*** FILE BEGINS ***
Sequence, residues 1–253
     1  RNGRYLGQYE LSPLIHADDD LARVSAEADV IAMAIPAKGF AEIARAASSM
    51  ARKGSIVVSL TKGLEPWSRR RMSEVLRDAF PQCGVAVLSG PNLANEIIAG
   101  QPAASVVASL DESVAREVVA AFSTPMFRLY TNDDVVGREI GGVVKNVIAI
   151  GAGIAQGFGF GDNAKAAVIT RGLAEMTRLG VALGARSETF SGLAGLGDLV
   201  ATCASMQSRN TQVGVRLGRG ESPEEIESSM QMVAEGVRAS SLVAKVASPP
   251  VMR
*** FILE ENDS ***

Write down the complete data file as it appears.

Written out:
Sequence, residues 1–253
     1  RNGRYLGQYE LSPLIHADDD LARVSAEADV IAMAIPAKGF AEIARAASSM
    51  ARKGSIVVSL TKGLEPWSRR RMSEVLRDAF PQCGVAVLSG PNLANEIIAG
   101  QPAASVVASL DESVAREVVA AFSTPMFRLY TNDDVVGREI GGVVKNVIAI
   151  GAGIAQGFGF GDNAKAAVIT RGLAEMTRLG VALGARSETF SGLAGLGDLV
   201  ATCASMQSRN TQVGVRLGRG ESPEEIESSM QMVAEGVRAS SLVAKVASPP
   251  VMR